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Trends

UAE

  • The U.A.E. healthcare market is quickly growing. In 2017, according to Business Monitor International, healthcare expenditures in the U.A.E. reached $17 billion and are expected to rise to $21.3 billion by 2021. Overall healthcare spending is projected to account for 4.6% of a country’s GDP by 2026 from 4.2% in 2016.5

  • Population growth is one driver of this expansion. The World Bank projects that the U.A.E.’s population will grow from 9.4 million people in 2017 to 11.055 million by 2030.

  • Demographic shifts are also at work, as the U.A.E.’s population slowly begins to age. The estimated share of the U.A.E.’s population above the age of 65 will, according to the World Bank, increase from 1.1% at present to 4.4% by 2030. This will stimulate demand for healthcare, and geriatric care in particular.

  • Problematic lifestyle habits are also propelling healthcare growth, with poor nutrition and sedentary behavior leading to obesity. In the U.A.E., 66% of the adult population carries excess weight and 31.7% of the adult population is obese.

KSA

  • The healthcare sector in KSA is undergoing evolution on the back of rapid advancements in technology, and research and development (R&D) in line with global and regional trends.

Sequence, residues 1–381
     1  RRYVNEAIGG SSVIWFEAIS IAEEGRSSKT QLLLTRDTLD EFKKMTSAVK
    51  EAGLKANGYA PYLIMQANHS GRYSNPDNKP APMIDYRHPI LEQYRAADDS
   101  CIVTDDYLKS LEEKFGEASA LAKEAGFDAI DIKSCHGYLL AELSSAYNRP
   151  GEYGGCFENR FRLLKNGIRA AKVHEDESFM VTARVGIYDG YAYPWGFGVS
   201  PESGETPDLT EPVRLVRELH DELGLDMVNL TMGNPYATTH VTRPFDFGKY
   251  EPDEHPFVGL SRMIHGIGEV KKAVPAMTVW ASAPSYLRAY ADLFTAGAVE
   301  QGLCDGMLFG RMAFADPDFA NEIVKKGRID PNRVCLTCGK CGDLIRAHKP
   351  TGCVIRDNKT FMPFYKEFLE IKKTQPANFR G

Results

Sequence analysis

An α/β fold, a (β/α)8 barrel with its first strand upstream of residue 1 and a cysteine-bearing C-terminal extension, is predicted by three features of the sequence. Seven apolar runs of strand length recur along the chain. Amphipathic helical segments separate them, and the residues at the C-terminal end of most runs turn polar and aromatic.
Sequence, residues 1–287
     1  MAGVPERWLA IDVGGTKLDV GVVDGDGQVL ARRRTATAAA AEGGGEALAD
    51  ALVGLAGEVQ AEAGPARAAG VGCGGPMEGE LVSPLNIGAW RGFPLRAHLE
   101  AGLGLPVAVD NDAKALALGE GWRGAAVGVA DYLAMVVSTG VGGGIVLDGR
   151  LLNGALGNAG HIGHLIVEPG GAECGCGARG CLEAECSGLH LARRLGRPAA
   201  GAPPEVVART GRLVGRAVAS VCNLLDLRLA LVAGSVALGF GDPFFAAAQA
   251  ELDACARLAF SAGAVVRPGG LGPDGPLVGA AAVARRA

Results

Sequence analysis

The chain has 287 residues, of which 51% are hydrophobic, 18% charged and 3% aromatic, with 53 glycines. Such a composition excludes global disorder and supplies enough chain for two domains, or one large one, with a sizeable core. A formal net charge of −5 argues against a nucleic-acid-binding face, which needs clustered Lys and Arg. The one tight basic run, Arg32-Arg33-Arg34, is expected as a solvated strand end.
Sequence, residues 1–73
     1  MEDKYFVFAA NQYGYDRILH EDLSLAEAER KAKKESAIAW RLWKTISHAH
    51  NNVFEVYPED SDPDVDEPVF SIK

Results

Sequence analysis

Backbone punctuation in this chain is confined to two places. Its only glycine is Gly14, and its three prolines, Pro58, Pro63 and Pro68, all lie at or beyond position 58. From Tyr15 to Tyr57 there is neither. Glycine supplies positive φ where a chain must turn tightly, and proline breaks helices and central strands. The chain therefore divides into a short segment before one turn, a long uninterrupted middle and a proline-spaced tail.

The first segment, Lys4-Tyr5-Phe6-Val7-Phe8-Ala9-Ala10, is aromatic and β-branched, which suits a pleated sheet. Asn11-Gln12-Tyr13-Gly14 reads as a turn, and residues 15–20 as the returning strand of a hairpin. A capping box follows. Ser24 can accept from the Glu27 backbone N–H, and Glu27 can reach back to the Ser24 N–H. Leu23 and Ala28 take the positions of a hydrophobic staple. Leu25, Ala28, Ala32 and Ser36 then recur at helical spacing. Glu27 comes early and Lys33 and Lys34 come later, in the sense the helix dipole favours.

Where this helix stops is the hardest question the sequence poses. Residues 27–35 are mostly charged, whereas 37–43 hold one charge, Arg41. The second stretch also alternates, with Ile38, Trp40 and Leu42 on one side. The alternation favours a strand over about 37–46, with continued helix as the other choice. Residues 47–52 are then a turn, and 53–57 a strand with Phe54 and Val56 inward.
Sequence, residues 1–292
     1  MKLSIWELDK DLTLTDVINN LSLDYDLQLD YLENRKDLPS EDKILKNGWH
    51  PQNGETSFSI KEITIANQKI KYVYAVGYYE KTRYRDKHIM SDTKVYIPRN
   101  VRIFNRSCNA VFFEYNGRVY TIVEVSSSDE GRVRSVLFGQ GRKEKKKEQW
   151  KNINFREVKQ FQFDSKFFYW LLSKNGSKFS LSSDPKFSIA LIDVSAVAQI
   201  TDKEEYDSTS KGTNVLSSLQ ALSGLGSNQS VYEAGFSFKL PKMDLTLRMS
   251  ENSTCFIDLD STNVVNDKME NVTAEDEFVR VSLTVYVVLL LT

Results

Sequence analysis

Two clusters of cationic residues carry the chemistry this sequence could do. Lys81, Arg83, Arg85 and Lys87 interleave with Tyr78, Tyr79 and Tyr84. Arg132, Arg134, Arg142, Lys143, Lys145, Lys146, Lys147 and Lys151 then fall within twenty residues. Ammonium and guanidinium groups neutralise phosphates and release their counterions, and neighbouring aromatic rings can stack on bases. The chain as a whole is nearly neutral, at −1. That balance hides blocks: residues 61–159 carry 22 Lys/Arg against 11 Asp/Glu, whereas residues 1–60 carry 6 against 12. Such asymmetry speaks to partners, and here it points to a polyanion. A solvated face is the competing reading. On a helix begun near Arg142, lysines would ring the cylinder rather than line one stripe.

• The Kingdom of Saudi Arabia (KSA) with a current estimated population of approximately 32.6 million is the largest country in the GCC. Under Vision 2030, the country is going through fundamental structural changes in all the sectors including healthcare.

  • The healthcare sector in KSA is undergoing evolution on the back of rapid advancements in technology, and research and development (R&D) in line with global and regional trends.

  • An increased capacity of privately-managed facilities in Saudi Arabia.

  • Pilot projects initiated by the Ministry of Health with focus areas such as primary health.

  • Localization of pharmaceuticals manufacturing in Saudi Arabia.

  • Expanding markets in Saudi Arabia for both branded and generic products.

  • A rise in labor productivity in the Saudi healthcare sector.

     

BAHRAIN

  • Industry Consolidation

Consumerism

  • Telehealth

  • AI & Machine Learning

  • Staffing Shortages

  • Cybersecurity

  • Ancillary Technology

  • Wearables

  • Increasing Emphasis on PPP Models

  • Surge in Deal Flows

  • Growing Focus on Preventive Care

  • Rising Investments in Specialized Centers

  • Technological Transformations
     

KUWAIT

  • The percentage of healthcare spending by the Ministry of Health as a percentage of overall government expenditure has stayed relatively stable at around 7%. This is almost 11% of the total budget. However, these figures do not consider the amount spent on healthcare by the other eight related government entities, such as the Ministries of Defense and Interior, and of the Kuwait Oil Company, which make up 10- 20% of the healthcare sector in Kuwait.

  • Kuwait’s healthcare expenditures are expected to grow at a compound annual growth rate of 7.5% up to 2020 to $8 billion, considering the population growth and the average inflation growth rate forecast by IMF for this period.

  • Despite the drastic decline in oil prices and the ensuing economic setbacks, healthcare spending remains a priority for the government. Kuwait awarded projects worth $11 billion in the construction of new infrastructure for healthcare, as it seeks to prioritize the transformation of its healthcare sector.